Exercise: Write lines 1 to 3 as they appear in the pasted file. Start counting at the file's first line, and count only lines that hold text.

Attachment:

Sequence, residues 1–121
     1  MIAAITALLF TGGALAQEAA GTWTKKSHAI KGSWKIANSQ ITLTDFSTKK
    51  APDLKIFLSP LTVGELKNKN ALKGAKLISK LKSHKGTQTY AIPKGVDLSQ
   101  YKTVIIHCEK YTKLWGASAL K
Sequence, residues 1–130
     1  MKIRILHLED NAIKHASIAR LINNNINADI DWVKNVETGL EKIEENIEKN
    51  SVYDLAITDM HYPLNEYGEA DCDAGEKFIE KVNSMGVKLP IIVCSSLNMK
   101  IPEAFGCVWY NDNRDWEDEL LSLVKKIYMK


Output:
Sequence, residues 1–121
     1  MIAAITALLF TGGALAQEAA GTWTKKSHAI KGSWKIANSQ ITLTDFSTKK
    51  APDLKIFLSP LTVGELKNKN ALKGAKLISK LKSHKGTQTY AIPKGVDLSQ